Using Non-Invasive Methods to Sample Mammalian Species in a Post Fire Landscape
AdvisorKoprowski, John L.
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PublisherThe University of Arizona.
RightsCopyright © is held by the author. Digital access to this material is made possible by the University Libraries, University of Arizona. Further transmission, reproduction, presentation (such as public display or performance) of protected items is prohibited except with permission of the author.
AbstractWildfires are a key process in many ecosystems worldwide. However, the intensity and severity of wildfire events has increased in recent years due to factors such as anthropogenic fire suppression and more arid conditions created by climate change. The high elevation forests of the San Bernardino Mountains in Southern California are one such ecosystem that has experienced several fire events in recent years. These forests are important habitats for a number of mammalian species. I used two non-invasive methods, camera trapping and hair tube sampling, to survey mammalian species in a recently burned area. I detected 14 species including an isolated subspecies of Humboldt’s flying squirrel (Glaucomys oregonensis), the San Bernardino flying squirrel (G. oregonensis californicus). Our study showed that landscape use by large bodied and generalist species was not drastically impacted by this fire. Of the nine most commonly detected species all were detected across all burn severities but were detected more often at lower burn severities. Occupancy modeling for the forest specialist, the San Bernardino flying squirrel, showed that they can persist in burned areas if key habitat features such as an intact forest canopy and large live trees are retained. My study illustrates the ability of mammalian species to persist in fire affected areas especially when patches of forest remain intact.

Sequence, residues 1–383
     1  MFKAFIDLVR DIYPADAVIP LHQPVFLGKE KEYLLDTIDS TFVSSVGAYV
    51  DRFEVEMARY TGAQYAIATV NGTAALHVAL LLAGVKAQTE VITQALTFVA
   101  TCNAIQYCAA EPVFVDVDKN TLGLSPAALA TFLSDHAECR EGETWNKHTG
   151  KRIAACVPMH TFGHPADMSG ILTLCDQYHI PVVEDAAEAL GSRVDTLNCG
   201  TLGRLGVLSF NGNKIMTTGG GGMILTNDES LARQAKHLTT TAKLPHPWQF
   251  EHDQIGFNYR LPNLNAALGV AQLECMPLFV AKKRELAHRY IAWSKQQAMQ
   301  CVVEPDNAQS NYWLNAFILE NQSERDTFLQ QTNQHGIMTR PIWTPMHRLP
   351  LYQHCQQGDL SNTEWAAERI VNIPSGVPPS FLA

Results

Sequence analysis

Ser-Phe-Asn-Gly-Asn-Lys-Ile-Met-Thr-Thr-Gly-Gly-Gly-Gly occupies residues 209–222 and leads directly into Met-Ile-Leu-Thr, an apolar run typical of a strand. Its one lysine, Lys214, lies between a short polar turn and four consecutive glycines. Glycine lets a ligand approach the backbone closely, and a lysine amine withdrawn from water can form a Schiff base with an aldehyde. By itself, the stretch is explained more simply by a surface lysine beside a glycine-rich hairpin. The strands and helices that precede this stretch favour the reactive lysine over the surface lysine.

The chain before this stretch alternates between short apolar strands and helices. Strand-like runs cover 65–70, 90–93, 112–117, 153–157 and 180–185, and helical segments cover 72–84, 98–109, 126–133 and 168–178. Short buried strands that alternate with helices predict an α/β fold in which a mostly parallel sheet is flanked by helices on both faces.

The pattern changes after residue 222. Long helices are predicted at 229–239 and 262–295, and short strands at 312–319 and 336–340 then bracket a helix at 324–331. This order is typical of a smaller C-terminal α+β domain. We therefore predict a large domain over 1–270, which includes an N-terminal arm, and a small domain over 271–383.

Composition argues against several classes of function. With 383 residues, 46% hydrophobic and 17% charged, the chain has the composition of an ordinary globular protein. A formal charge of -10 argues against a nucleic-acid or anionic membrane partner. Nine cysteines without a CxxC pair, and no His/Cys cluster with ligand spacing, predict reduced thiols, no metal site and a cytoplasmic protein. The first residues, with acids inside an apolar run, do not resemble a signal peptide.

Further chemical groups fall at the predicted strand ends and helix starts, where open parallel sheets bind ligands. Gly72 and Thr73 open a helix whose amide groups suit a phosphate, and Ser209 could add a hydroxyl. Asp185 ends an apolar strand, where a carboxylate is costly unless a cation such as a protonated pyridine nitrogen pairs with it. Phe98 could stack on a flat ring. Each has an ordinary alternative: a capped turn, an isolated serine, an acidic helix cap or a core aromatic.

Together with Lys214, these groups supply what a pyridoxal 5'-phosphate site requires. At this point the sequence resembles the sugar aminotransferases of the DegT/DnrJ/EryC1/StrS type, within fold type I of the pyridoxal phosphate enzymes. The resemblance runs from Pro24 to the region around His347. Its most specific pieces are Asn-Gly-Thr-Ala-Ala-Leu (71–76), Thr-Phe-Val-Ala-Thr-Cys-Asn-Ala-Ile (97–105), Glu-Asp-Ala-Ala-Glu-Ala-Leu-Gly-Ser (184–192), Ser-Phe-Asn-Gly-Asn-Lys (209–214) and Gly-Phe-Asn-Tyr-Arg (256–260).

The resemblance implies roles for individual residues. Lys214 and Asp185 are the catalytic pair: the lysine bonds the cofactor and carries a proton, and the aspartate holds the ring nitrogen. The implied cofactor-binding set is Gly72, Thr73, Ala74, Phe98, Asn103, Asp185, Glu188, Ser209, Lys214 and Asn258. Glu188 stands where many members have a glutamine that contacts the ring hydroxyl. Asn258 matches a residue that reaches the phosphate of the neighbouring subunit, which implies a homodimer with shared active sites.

Degree ProgramGraduate College